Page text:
Compared with traditional microplate-based HTPs that require samples of at least several microliters in each well, microfluidic platforms consume much less reagents with the scale of nanoliters to picoliters, which significantly reduces the cost and is beneficial to save rare samples. Microarray is one of the major microfluidic platforms, which integrates a large quantity of isolated reactors on one substrate. Additionally, each reactor is microscaled with volumes ranging from nanoliters to picoliters. It allows multiple parameters to be tested in parallel by simultaneously performing tens to thousands of experiments per batch. For example, Zhang and his coworkers developed a hydrogel microarray (Figure 1a), in which 2000 individual microgels with varying bioactivities were regularly patterned on a standard microscope slide, providing a high-throughput platform to rapidly screen desired polymers with thermal-responsive properties [1]. Perera et al. developed an automatic synthetic platform for drug discovery, which integrated commercially available components into a highly integrated module unit to perform both nanomole-scale reactions and micromole-scale syntheses [2]. This setup allows screenings of more than 1500 homogeneous reactions within 24 h under different temperature, pressure, and solvent, which has the advantages of real-time analysis, sufficient mixing, and avoidance of solvent evaporation. Due to the application of microarray-based HTPs, reactions were performed in parallel under a broad range of experimental parameters so that appropriate conditions for generating nanostructures with specific morphologies can be rapidly identified. Moreover, Duffy et al. described a hydrogel microarray that integrated 80 unique holes on a single microscope slide using three-dimensional (3D) printing [3]. By filling the holes with double network hydrogels, the novel platform offered a powerful tool to screen hydrogels with desired compressive and tensile properties, which could be further optimized for drug delivery, cell encapsulation, and tissue engineering. Microarrays have also been widely applied in a wide range of biomedical applications, such as pharmaceutical discovery, small molecule and protein screening, toxicity tests, etc. [4][5][6][7][8][9]. For example, Hay et al. used the polymer microarray with high content screening system and Pathfinder software to screen and discover new extracellular substrates, which can promote hepatic endoderm, drug-inducible metabolism and toxicology [5]. Additionally, Khan et al. proposed a microarray platform combined with a high-throughput screening approach to screen and analyze the biological functionality of 135 polymer blends, leading to the identification of cell-compatible biopolymers permissive for human skeletal stem cell growth in both in vitro and in vivo applications [7].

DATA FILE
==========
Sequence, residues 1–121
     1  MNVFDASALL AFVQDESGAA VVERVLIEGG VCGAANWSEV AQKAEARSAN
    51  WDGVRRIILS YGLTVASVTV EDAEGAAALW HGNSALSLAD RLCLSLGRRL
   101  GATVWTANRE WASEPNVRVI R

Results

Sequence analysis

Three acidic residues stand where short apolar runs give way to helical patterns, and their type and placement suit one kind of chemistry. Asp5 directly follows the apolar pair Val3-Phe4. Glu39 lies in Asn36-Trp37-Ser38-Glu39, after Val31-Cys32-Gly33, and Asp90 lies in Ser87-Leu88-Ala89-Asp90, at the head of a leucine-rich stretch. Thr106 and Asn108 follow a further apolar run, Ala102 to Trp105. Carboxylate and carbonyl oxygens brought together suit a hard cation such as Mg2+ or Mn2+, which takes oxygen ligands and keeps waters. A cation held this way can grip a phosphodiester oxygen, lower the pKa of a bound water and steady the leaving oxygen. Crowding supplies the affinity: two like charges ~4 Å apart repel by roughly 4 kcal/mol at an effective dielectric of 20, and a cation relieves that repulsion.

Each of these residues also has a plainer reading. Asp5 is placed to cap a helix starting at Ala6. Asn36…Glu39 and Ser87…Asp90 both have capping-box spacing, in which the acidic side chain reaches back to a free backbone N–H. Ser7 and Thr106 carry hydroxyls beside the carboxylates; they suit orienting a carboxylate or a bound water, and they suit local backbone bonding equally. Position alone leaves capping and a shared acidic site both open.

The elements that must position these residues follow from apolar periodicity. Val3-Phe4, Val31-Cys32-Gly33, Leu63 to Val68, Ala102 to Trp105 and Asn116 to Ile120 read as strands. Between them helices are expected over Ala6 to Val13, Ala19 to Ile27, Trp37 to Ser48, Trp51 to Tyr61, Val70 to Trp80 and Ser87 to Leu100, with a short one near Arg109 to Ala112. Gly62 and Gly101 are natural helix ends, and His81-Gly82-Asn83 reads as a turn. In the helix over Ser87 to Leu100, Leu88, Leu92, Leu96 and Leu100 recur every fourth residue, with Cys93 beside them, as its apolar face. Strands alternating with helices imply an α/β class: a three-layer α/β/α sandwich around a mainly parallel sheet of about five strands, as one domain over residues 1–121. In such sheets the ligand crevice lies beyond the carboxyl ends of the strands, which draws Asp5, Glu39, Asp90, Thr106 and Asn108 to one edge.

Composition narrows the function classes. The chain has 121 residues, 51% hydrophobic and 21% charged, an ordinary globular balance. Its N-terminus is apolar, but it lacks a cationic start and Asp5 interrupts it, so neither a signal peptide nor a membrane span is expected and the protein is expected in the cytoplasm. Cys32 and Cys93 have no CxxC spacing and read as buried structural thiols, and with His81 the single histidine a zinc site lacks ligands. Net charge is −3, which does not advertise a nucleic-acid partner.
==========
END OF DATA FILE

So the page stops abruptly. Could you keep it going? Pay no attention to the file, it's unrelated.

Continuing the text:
Figure 1. (a) A representative high-throughput platform (HTP) based on microarrays. A polymer hydrogel microarray with 2436 polymers (28 × 87 hydrogel spots) were prepared by inkjet printing. Subsequently, the microarray was incubated with HeLa cells for 48 h. Mosaic (the middle column in Figure 1a), and enlarged fluorescent images of cells were obtained. Reproduced with permission from [[1]. Copyright Elsevier, 2009. (b) A representative HTP based on microdroplets. A microfluidic device was used to prepare colloid-filled hydrogel granules with different sizes and shapes by changing the flow rate of reagent 1 (Q1), reagent 2 (Q2) and oil (Q3). Reproduced with permission from [10]. Copyright American Chemical Society, 2006. (c) A representative continuous-flow microfluidic system was used to produce Au-Pd dumbbell nanoparticles. Reproduced with permission from [11]. Copyright American Chemical Society, 2017. (d) A digital microfluidic circuit and the four fundamental droplet operations: creating, cutting, joining and transporting. Reproduced with permission from [12]. Copyright IEEE Xplore, 2002.